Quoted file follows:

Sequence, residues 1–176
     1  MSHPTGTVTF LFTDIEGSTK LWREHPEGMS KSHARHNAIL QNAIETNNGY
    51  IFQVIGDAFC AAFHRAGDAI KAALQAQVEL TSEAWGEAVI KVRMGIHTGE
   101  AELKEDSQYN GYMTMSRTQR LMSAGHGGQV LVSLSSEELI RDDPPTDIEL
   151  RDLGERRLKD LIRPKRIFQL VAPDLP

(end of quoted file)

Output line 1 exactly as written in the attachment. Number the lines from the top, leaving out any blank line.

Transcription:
Sequence, residues 1–176